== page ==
Claim: Neil Armstrong cryptically uttered "Good luck,
Example: [Collected on the Internet, 1995]
Many people at NASA thought it was a casual remark concerning some rival Soviet Cosmonaut. However, upon checking, [they found] there was no Gorsky in either the Russian or American space programs.
Over the years, many people have questioned him as to what the "Good luck,
Variations: Sometimes the story is told with Armstrong uttering, "That's one small step for man; one giant leap for Manny Klein," with the unfortunate
Origins: This legend, seemingly an obvious joke, began circulating on the Internet in
At its most basic level, this tale is a humorous anecdote that plays on the stereotypical portrayal of Jewish wives as reluctant to engage in recreational (and especially oral) sex. In variant forms of this legend the last name of Neil Armstrong's neighbor is different, but the surname used is always a "Jewish-sounding" one, such as Gorsky, Seligman, Schultz, Lipinski, or Klein; the unusual word order employed by the wife in her refusal ("Oral sex you want?") is also a stereotypical speech pattern attributed to Jews. On another level, this legend can be seen as an attempt to humanize a cultural hero by associating him with a story that is both humorous and racy: Neil Armstrong, the world-famous astronaut, is made to seem like a "regular" guy.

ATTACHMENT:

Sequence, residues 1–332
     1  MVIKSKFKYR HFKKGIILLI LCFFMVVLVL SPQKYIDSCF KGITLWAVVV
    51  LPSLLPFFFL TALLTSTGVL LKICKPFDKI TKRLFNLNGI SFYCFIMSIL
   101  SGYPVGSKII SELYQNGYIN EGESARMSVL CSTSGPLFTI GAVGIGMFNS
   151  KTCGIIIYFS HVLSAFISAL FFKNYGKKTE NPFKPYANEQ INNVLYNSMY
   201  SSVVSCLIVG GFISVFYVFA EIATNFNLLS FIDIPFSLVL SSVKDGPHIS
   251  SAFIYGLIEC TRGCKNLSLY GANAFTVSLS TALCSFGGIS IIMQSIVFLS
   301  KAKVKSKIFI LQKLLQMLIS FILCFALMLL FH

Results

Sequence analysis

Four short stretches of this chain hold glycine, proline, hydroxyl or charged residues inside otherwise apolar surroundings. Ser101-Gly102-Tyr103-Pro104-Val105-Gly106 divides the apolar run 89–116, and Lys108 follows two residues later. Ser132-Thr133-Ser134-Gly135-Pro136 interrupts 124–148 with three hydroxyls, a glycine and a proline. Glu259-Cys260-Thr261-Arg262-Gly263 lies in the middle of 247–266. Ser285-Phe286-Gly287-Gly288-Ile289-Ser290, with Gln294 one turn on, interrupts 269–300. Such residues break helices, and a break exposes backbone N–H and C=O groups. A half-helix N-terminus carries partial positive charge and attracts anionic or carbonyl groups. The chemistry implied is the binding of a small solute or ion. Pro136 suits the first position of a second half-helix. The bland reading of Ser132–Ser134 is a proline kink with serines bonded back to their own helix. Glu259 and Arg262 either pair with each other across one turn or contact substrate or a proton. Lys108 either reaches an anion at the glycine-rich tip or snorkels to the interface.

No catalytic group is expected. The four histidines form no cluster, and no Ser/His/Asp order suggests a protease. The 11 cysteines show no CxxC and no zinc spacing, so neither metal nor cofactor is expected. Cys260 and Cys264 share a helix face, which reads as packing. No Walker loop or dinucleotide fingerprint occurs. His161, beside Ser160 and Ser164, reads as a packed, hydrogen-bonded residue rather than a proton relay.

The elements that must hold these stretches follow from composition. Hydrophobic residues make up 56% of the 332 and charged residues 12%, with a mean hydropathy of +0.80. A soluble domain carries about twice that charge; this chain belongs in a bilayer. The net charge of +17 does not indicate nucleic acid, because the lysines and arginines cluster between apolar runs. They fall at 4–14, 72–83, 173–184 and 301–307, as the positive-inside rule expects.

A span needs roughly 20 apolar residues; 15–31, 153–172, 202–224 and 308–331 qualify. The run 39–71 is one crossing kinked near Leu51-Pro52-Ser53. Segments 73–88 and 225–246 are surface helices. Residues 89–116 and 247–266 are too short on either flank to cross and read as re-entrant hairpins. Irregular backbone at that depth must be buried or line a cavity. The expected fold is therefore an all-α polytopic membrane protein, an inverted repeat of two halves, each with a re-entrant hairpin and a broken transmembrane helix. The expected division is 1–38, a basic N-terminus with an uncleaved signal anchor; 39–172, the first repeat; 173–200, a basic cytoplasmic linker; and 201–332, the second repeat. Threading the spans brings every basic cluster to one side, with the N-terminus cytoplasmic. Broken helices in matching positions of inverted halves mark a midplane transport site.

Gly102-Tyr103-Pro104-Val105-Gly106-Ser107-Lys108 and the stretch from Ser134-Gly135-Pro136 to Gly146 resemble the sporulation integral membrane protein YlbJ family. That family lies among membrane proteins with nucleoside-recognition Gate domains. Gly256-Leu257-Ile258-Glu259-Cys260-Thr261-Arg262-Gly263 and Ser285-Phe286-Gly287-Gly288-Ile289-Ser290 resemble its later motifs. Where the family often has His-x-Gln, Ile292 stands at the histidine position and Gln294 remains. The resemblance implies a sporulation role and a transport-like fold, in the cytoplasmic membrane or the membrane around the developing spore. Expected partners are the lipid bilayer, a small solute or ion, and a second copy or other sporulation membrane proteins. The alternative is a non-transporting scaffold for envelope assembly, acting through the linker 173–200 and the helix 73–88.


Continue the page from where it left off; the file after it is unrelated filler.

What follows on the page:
Any doubts about the veracity of this legend are laid to rest by the NASA transcripts of the
Sightings: When the space shuttle Columbia crew completed a repair mission on the Hubble Space Telescope in March 2002, chief repairman John Grunsfeld called out (in homage to this legend) "Good luck,
Last updated: 19 July 2014
Pollock, Robert. Good Luck Mr. Gorsky: Exploring Urban Myths. New Zealand: Reed Books, 1999. ISBN 0-7900-0686-3 (p. 149). Quint, Barbara. "Another 'Mr. Gorsky' Story." Searcher. April 1996 (p. 37). Thompson, Tracy. "World Wide Web: The Craziest Rumors Fall Through the Net." The Washington Post. 21 February 21 1996 (p. B1). Walker, Whitney. "Tales from the Cyber Side." [New York] Daily News. 14 July 1996 (p. 3). Wheen, Francis. "Wanting the Moon." The Guardian. 15 November 1995 (p. T5). Associated Press. "Work on Hubble Scope Called Success." Los Angeles Times. 10 March 2002.